I love the Summer Solstice. It reminds me of the constant change of the world. Solstice means when the sun stands still. It is the longest day of the year here in Australia, and subtly the days will begin to get shorter and shorter again, until the sun stands still for the shortest day of the year in June.
I have a tradition of celebrating the Summer Solstice with my family, either around the Solstice on the 21st or 22nd of December, or Xmas day. We often go the beach, and have a parent vs child soccer match with the extended family. It is also often filled with water fights, laughter, drinking, eating, gift giving and celebrating how amazing it is to be alive, and to be here on this Earth at this time.
I also use this time for some quite contemplation and often have a dedicated yoga practice for the summer solstice to reflect on the light within. I am often reminded of the Buddhist deity, Kwan Yin at this time, who reminds us that we all have a light inside of us, and encourages us to share that with the world.
Initially, my practice was sun salutations, but any practice is fine. This is my favourite gentle variation of a sun salutation for this Summer Solstice practice.
Start Kneeling in Virasana (thunderbolt pose) with buttocks to the heels. Please use a bolster or blankets under your bum or your knees if this feels better for your body to have some height here. This is a wonderful pose for digestion and for strengthening the back (so also good to do after too much Xmas lunch) Spend a number of breaths here. Connect in with your breath at the centre. You might like to visualise a gold point at the solar plexus, where you breath in and out from. Make the exhale breath progressively longer than in the inhale until it is comfortably twice as long.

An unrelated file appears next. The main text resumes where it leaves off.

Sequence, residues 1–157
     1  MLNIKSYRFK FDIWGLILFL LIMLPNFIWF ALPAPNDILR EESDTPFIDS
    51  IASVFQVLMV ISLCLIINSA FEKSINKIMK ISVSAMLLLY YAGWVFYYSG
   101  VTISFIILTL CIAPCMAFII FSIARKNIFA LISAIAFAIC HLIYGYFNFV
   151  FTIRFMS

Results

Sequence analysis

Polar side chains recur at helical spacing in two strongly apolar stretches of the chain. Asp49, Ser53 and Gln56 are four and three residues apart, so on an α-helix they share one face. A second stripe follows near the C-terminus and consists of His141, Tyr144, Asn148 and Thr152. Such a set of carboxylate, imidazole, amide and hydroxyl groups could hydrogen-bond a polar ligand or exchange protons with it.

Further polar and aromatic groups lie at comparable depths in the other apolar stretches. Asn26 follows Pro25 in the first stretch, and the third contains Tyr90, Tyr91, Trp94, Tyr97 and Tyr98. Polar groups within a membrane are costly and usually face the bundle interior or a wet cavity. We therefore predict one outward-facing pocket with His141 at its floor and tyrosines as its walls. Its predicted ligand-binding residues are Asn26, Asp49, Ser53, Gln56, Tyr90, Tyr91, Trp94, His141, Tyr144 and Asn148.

From here reach forward into forward virasana, or extended childs pose. Feel your fingers connect with the earth. Make your knees and belly comfortable. Stay for a few breaths, lengthening the spine, and allowing the warmth of the sun to move into your back.
Come into all fours and practice a few rounds of cat pose, or wriggle your hips around or do other movements that free through your centre.
From all fours and then into Downward facing dog pose. Feel equally connected between your hands and feet to the ground. Stay with the lengthened breathing. If it feels right, you might like to bring some gentle dymanic movement between plank and dog pose, if this is something your shoulders enjoy.
Return back progressively to kneeling, through each of the poses. You can practice this dynamically for a few rounds, or you can slow it down and spend time savouring each pose. It's up to you.
End with either a few rounds of seated breathing, or if you have been more physical, a lying shavasna, perhaps with your hands resting on your belly for a few minutes.
However, and whatever you celebrate, I hope you have a wonderful time with family and friends, and allow yourself to shine like the sun.